“I think Durham got out a lot of important facts that fill in a lot of the blanks as to what was really happening,” Barr said. “My expectation is … the Danchenko trial will also allow for a lot of this story to be told, whether or not he’s ultimately convicted. I hope he’s convicted, but if he isn’t, I still think it provides an avenue to tell the story of what happened.”

Like an obedient puppy, Durham did use the trial as an opportunity to get extraneous details into the public record. On top of the $1 million dollar offer that Brian Auten said, vaguely, Christopher Steele might have gotten if he had corroborated the dosser — which has been treated like an FBI attempt to bribe a source for dirt on Trump and as the most exonerating possible detail, rather than an effort to investigate a real threat to the country — Durham went out of his way to give the full names of people at various meetings so Carter Page and Donald Trump can add them to lawsuits.

Mind you, along the way, the trial also revealed the FBI’s own assessment of Danchenko’s cooperation, which contributed to 25 investigations and which Barr burned to a crisp by exposing him, with Lindsey Graham’s help, as a source in 2020.

Q. And you were concerned, in July of 2020, when you became aware that Attorney General Barr was going to release a redacted version of Mr. Danchenko’s interview in January of 2017?

A. Yes.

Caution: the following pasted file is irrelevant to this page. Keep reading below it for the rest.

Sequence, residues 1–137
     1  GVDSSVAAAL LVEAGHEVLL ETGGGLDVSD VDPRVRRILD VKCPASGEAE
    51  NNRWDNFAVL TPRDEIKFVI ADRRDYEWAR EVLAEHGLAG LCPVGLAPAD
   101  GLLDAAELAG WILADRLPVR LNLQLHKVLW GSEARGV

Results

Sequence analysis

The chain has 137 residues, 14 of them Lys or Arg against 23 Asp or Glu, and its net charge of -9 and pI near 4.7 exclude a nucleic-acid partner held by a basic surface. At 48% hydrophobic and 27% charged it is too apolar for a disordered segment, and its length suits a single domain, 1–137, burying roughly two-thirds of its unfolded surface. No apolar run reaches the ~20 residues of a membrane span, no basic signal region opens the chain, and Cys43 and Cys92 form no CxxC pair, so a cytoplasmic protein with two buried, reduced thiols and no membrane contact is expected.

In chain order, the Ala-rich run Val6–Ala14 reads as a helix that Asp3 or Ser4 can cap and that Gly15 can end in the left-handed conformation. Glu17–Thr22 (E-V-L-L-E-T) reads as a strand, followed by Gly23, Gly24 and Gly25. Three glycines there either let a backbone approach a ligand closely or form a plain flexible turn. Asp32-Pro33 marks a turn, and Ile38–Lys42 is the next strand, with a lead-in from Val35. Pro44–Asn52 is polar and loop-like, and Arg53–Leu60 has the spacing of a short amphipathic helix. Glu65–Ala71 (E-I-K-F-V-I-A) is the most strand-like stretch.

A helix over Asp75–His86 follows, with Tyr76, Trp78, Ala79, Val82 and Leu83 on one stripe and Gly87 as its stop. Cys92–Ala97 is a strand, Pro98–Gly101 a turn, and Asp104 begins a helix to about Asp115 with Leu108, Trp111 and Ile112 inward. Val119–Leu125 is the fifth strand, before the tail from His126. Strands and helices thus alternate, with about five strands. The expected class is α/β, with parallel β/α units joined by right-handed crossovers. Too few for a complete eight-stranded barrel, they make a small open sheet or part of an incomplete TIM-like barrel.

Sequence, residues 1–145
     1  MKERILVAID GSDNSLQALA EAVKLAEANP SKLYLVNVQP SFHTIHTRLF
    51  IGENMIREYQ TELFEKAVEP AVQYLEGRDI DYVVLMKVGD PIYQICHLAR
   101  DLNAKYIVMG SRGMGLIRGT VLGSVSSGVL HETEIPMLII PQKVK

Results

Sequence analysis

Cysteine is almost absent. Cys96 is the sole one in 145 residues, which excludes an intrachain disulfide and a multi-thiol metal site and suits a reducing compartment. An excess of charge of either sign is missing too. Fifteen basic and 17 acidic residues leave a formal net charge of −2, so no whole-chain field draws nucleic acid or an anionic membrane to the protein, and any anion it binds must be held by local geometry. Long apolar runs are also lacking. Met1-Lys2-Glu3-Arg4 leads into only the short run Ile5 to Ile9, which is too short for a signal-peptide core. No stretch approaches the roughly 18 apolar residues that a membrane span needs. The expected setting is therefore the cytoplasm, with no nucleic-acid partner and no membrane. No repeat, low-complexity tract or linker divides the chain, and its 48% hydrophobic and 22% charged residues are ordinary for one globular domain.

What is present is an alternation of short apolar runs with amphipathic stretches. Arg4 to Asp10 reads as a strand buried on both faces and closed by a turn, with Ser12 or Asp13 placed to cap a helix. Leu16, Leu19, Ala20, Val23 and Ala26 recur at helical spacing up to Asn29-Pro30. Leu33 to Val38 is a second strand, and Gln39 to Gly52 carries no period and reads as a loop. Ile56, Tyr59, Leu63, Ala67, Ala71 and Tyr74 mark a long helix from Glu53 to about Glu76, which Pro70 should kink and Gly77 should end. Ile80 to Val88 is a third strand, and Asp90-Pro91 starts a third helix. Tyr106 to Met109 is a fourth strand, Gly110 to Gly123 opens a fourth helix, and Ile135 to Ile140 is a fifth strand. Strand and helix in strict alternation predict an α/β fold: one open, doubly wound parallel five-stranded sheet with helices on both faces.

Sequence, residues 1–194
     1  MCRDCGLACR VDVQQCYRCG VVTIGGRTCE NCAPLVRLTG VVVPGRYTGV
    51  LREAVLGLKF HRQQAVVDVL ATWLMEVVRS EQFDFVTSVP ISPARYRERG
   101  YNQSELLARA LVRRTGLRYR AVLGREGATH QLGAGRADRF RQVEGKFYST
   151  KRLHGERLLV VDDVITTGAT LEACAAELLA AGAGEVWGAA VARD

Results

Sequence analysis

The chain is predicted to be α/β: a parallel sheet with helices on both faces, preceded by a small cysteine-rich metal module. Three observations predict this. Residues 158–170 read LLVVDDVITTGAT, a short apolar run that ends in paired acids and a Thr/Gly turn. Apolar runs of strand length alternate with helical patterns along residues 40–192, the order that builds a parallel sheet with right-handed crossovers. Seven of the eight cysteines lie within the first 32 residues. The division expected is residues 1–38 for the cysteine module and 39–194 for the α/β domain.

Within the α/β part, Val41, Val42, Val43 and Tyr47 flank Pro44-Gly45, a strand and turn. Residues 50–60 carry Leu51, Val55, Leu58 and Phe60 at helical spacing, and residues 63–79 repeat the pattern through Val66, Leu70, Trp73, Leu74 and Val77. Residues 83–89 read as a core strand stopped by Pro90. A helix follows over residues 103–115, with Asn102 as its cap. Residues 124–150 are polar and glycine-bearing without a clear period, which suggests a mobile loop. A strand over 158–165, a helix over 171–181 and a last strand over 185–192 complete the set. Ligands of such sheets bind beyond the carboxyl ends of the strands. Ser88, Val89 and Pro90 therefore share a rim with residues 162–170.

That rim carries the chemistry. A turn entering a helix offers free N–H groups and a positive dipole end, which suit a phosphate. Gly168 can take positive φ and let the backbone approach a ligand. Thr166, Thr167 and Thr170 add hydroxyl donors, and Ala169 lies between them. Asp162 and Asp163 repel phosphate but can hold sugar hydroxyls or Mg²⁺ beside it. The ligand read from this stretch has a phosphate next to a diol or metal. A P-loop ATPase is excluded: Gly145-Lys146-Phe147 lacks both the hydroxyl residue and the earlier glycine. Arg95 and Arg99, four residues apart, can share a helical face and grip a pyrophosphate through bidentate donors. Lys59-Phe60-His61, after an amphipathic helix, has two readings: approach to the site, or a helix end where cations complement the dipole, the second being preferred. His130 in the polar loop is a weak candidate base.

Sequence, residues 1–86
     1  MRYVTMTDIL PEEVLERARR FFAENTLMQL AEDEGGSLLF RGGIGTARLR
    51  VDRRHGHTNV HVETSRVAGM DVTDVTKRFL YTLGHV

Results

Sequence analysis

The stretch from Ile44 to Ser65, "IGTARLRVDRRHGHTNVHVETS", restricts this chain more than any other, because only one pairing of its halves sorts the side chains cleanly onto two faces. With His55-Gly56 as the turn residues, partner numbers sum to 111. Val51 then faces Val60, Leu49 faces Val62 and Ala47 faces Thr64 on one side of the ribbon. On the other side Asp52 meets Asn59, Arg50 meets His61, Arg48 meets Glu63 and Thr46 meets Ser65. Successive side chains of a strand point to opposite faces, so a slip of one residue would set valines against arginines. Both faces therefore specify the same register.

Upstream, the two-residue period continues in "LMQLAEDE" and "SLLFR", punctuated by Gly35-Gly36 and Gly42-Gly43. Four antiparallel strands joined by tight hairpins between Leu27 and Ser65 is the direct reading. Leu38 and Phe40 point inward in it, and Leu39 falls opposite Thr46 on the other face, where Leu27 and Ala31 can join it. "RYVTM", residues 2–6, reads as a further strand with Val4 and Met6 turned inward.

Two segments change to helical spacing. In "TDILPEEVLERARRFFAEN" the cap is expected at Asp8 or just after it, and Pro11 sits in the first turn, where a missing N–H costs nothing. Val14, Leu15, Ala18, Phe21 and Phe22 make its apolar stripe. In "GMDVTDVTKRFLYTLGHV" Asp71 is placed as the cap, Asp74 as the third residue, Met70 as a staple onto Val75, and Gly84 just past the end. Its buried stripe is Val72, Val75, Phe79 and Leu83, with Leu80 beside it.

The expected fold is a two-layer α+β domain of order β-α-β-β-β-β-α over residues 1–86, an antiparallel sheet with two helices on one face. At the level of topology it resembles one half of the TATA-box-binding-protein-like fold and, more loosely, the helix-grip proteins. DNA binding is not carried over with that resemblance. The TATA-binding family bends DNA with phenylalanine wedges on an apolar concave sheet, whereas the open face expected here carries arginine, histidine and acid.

Q. You were upset about that?

A. I was.

Q. You found out about that during a telephone conference, right?

A. I did.

Q. And you disagreed with that decision?

A. I did.

Q. The OIG had already completed a report on that investigation, correct?

A. Yes.

Q. And you thought that the release of that document was dangerous?

A. Yes.

Q. You even wrote up a memo of that phone call you were on in July of 2020 where you learned that they were going to publish a redacted version of his interview, correct?

A. I did.

[snip]

Q. And within an hour of Mr. Danchenko’s January interview being released to the senate judiciary committee, the senate judiciary committee, I won’t say who, released it to the public?

A. They did.

[snip]

Q. So, Agent Helson, you wrote in October of 2020 that from 2017 until present day, Mr. Danchenko had provided information on at least 25 FBI investigations assigned to at least six field offices?

A. Correct.

Q. In addition, he aided the United States Government by introducing the United States Government to a sub-source who had provided additional information separate to his report, correct?

A. Correct.

[snip]

Q. And it’s noted that he — his reporting contributed to at least 25 active FBI investigations.

[snip]

Q. In July of 2020 his identity became public after the release of the redacted version of his interview in January of 2017. Since that public disclosure, he has received threatening messages via social media and email. It’s resulted in significant damage to his reputation from false and baseless claims aimed to undermine his credibility. Those are your words, correct?

A. Correct.

Q. The Washington Field Office had assessed that this will have negative ramifications with respect to his ability to provide for his family via personal income for the foreseeable future, correct?

A. Correct.

Q. And while the FBI cannot promise complete anonymity to anyone who provides information, his identity became public only after the decision was made to release the redacted version of his interview, correct?

A. Correct.

Q. As a result of that act, his ability to continue to provide information viable to the FBI is diminished as is his ability to provide financial support to his family.